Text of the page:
A long while ago I remember having a conversation with John Thorley, secretary of the National Sheep Association about more and more animals being sold on the dead weight. At the time, an advocate direct sales, I defended the birth of the new on-farm stock selection system and ‘buying groups’ trading direct with slaughterhouses. John’s argument was that we should always maintain the use of the livestock auction system and that auction was the only true way of setting a market price. He also went on to wax on about how great the auction mart system was in UK and that we were the only country in Europe to have this benefit. At the time I argued that the auction system was outdated, with too many middlemen taking a financial cut out of the end product.
Some 20 years later I find myself living on a smallholding in rural France where they do not have the luxury of a local mart and I have to say that it one of the few things I miss about the UK. At the very least, it is a social gathering of like minded souls. Having been a pedigree sheep breeder all my life, I spent over year looking for our first sheep purchases. Eventually, through contact from friend of a friend we visited an old boy who had been breeding Charmoise sheep, some 50 kms away. He had little understanding of English and my schoolboy French, although improving year on year, was not up to translating the intimate details of gigot, muscle depth and bone ratios. We did a deal, me doing my best to keep the price down, but I have to say I had absolutely no idea what these animals were worth and am sure I paid over the odds.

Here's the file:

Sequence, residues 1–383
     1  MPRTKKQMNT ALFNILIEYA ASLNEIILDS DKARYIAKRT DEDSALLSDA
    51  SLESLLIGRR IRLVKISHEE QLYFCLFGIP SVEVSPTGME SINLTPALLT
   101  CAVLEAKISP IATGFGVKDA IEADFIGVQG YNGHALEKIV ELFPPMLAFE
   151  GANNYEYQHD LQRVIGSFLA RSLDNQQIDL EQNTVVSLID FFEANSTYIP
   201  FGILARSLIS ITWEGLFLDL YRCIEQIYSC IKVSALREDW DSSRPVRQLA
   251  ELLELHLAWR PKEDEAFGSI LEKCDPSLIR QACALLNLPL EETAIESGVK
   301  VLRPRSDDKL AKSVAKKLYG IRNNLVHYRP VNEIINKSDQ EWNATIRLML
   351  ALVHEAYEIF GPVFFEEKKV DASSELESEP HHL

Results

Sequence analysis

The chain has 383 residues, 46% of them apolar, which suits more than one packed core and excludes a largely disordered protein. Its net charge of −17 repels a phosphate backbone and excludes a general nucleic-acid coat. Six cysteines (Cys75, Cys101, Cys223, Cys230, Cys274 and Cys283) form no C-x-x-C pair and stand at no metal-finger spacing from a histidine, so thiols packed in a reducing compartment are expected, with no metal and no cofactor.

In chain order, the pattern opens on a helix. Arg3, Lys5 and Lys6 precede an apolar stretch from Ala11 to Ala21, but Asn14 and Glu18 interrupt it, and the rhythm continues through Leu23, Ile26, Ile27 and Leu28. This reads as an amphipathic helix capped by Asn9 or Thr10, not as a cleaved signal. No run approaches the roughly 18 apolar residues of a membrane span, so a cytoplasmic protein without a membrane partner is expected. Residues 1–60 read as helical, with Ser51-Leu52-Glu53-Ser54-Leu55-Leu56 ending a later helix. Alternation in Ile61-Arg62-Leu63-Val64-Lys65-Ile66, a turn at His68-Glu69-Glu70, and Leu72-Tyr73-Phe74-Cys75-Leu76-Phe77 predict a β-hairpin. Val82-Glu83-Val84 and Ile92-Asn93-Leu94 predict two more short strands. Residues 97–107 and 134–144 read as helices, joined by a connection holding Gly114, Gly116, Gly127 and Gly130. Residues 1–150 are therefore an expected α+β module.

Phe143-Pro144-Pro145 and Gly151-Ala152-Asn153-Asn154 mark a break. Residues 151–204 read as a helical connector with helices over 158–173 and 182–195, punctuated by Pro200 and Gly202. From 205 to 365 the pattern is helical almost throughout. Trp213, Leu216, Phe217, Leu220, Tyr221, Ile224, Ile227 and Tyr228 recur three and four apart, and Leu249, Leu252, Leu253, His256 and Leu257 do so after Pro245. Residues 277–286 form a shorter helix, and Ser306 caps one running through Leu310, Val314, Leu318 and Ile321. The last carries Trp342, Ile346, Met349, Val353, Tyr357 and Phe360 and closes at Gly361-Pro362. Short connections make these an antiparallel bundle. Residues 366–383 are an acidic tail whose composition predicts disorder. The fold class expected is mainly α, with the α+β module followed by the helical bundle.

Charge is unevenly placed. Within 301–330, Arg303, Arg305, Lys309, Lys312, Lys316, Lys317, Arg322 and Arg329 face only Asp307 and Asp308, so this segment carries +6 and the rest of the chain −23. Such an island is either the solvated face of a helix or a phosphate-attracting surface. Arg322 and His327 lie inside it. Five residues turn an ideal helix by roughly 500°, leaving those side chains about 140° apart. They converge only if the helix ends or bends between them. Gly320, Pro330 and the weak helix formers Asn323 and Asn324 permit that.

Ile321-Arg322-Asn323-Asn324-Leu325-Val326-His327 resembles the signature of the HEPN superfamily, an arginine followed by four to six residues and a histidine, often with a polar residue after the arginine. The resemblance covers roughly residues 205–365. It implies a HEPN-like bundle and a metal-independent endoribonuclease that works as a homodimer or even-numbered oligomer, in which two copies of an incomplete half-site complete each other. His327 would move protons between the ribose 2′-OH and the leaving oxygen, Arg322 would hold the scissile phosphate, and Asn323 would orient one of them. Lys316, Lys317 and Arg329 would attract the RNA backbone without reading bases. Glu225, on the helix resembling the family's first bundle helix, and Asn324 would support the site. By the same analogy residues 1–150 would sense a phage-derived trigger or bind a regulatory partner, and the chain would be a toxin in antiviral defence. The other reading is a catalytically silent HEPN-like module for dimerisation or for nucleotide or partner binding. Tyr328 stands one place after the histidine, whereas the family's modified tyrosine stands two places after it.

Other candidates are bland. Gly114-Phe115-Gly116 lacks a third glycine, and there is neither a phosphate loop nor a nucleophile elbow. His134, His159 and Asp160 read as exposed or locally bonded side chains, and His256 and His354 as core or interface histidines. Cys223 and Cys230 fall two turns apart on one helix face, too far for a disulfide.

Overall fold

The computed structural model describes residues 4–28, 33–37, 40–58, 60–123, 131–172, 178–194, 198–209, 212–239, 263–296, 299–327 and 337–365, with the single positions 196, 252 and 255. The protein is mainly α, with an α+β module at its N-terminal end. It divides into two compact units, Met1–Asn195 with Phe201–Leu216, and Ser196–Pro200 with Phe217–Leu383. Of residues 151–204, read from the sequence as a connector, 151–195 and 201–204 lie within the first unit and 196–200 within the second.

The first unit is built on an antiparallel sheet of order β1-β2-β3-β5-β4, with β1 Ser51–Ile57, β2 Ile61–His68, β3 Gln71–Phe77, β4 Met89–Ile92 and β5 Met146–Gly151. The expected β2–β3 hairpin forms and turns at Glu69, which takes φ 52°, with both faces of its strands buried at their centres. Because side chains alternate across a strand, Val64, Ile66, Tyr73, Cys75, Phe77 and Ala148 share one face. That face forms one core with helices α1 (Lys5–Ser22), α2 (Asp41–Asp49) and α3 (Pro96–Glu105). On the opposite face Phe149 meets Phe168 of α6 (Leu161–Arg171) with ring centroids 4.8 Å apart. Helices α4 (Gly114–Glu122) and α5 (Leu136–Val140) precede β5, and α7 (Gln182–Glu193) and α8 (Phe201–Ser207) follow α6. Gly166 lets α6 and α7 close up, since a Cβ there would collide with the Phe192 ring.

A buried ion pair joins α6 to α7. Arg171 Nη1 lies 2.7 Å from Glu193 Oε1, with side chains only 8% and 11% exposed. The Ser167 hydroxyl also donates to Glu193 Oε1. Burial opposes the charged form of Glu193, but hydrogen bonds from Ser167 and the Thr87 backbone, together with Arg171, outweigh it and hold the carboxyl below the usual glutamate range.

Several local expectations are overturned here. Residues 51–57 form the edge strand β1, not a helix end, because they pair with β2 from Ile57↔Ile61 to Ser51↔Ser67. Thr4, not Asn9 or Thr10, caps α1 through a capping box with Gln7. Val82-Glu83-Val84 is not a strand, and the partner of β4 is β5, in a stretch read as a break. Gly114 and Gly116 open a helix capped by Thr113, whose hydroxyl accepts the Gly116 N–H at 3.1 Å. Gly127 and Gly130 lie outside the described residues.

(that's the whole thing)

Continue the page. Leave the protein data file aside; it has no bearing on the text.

Sadly, the sheep were killed a year later by stray dogs, a day we would rather forget. After a while, I was on the lookout again for more stock, but how? If I was back in UK, I would pop down to the mart once a week for a few weeks, to get an idea of prices, make some contacts and possibly pick up what I required. I cannot do that here and have ended up buying a mishmash of 3 ewes and a charollais ram from a friend who was struggling to look after them.
I am also on the lookout for a heifer, just something plainly bred but with a bit of shape. The farms around here are all stocked with Blonde d’Aquitaine and, at the risk of upsetting a few people, I don’t like them, with their long legs and bad attitude. I would prefer to pick up a Limousin from the region 3 hours up the road, which I intend to cross with imported angus semen to breed an annual cross calf for the freezer. I am finding this task virtually impossible. Yes I could go to their annual pedigree sale and buy one for a few thousand but that is not within my budget. My only chance is to go knocking on doors to see if they have stock for sale. As you can well imagine, an Englishman doing this on a French farm is not the most cost effective way of trading.
So, in reflection, John Thorley, you absolutely are correct when you say that the auction mart is the backbone of the UK livestock industry. From time to time, farmers in UK may need to be reminded of this.